Napoli's September surge continues

Mike Napoli's strong September continued in Saturday's win over the Yankees. Jared Wickerham/Getty Images

BOSTON -- Amid his struggles from June to August, Red Sox first baseman Mike Napoli reiterated several times that he’s a streaky hitter -- as low as his lows go, his highs will make up for them. Now, 14 days into September, the Red Sox are riding those highs toward the best record in all of baseball.

Facing New York Yankees ace CC Sabathia on Saturday afternoon, Napoli was once again at the center of a relentless offense, reaching base safely in all four of his plate appearances and scoring two runs in the Red Sox’s 5-1 win over New York. All five of the team’s runs were charged to Sabathia, bringing his ERA to 7.22 (23 earned runs in 28 2/3 innings) in five starts against Boston this season.

“CC’s a very good pitcher; he’s had a tremendous career,” Red Sox manager John Farrell said. “We’ve had some success against him here, particularly in Fenway, whether it’s the wall, whether it’s just confidence going against him.”

Confidence is something this Red Sox team hasn’t been short on recently, winning eight straight series for the first time since 1995 and claiming their league-leading 91st win of the season Saturday. Of course, it doesn’t hurt to have a cleanup hitter who’s batting .424 with 11 RBIs in nine September starts to get you to that point.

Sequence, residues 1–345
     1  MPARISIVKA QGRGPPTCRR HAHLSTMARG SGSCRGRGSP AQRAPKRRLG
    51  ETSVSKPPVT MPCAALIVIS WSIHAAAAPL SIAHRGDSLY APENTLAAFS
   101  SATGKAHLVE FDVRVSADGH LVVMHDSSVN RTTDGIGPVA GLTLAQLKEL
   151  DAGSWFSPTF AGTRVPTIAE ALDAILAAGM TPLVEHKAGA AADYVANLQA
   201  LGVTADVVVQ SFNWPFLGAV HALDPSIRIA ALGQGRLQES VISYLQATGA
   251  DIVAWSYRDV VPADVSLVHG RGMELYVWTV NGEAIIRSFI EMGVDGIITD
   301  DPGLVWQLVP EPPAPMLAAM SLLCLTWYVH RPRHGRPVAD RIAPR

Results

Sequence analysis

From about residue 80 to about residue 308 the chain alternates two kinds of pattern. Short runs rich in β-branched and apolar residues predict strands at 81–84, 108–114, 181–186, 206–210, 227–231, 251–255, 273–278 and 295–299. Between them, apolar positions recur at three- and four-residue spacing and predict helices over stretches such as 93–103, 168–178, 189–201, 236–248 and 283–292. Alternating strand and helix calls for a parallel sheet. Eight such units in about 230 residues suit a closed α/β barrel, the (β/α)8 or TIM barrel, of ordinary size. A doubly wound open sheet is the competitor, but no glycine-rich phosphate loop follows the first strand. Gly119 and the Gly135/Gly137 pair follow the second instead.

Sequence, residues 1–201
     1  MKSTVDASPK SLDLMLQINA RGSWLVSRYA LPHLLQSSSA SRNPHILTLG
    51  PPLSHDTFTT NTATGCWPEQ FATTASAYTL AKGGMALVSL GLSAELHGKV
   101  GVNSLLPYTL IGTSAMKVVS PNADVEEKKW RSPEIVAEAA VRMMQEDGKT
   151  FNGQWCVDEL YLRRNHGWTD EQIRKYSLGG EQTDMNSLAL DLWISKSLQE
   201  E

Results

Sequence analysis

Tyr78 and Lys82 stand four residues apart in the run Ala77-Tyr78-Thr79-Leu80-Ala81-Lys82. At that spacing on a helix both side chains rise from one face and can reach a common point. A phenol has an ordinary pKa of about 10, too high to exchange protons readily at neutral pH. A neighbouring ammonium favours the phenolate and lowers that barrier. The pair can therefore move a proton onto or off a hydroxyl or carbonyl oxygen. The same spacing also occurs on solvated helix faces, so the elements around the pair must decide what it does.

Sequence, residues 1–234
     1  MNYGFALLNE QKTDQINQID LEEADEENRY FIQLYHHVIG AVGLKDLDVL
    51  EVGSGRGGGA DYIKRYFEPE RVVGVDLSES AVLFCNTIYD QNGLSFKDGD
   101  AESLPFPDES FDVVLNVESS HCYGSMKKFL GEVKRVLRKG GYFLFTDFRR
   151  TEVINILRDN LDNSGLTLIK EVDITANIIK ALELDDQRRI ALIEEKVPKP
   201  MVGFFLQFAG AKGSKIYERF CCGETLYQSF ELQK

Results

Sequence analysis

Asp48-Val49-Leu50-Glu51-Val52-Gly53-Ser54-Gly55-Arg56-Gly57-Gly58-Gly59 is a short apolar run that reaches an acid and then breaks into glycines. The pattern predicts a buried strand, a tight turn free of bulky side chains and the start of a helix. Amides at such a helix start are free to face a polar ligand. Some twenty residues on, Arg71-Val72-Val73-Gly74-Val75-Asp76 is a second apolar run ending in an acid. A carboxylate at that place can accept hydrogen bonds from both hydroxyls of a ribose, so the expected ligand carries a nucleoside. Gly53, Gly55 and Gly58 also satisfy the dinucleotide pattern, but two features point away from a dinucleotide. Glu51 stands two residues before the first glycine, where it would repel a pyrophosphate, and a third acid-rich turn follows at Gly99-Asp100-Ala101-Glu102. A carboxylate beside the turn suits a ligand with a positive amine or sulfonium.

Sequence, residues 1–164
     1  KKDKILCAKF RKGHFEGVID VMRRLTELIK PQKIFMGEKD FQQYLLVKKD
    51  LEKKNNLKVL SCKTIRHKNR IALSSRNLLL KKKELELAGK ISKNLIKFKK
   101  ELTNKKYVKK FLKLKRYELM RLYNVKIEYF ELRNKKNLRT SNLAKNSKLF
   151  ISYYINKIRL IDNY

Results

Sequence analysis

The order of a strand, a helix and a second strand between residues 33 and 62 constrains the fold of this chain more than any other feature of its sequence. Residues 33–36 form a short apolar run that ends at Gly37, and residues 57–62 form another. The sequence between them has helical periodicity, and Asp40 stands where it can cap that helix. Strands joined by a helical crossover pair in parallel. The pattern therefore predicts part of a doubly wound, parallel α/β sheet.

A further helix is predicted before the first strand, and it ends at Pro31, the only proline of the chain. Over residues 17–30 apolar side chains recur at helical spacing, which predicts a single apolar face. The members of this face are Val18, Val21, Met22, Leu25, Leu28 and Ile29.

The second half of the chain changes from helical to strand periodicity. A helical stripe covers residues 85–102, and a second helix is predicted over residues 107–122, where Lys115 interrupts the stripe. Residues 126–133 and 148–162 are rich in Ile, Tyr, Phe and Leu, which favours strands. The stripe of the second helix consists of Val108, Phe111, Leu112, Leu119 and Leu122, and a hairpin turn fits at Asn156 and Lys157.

“Right now I’m recognizing pitches,” Napoli said. “I’ve been getting deep into counts all year. I just felt really good today, and we were able to [sit] on some pitches that usually you swing through.”

Recognizing that he needed to start his swing earlier in order to get his foot down on time in the batter’s box, Napoli was all over Sabathia on Saturday. The 31-year-old first baseman saw 13 pitches from Sabathia in three plate appearances, not swinging and missing once.

“In years past, he threw a lot harder,” Napoli said of the 33-year-old Sabathia. “It’s always tougher when he has his good changeup. Maybe it’s just one of [those] years.

“He’s a good pitcher. Been grinding at-bats away and been doing what we’ve been doing all year against everybody. Just trying to pass it on to the next guy and battle against him.”

Like it has been in many of the Red Sox starts against left-handers this season, the next guy behind Napoli was outfielder Jonny Gomes, who nearly duplicated what Napoli passed on to him in his four plate appearances. Gomes reached base all four times and went 2-for-2, scoring no runs but adding a double and an RBI.

Napoli cited the team’s patience in the middle of the order as the reason for its success against Sabathia on the afternoon.

"We’ve got a lot of guys that get deep into counts, and that’s the goal,” he said. “When everyone’s working together to do that, it works. We’ve been doing it all year and we don’t plan on stopping.”